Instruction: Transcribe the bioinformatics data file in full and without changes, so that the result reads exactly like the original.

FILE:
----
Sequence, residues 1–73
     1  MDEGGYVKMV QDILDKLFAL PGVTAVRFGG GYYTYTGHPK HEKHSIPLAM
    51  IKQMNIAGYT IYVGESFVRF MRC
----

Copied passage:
Sequence, residues 1–73
     1  MDEGGYVKMV QDILDKLFAL PGVTAVRFGG GYYTYTGHPK HEKHSIPLAM
    51  IKQMNIAGYT IYVGESFVRF MRC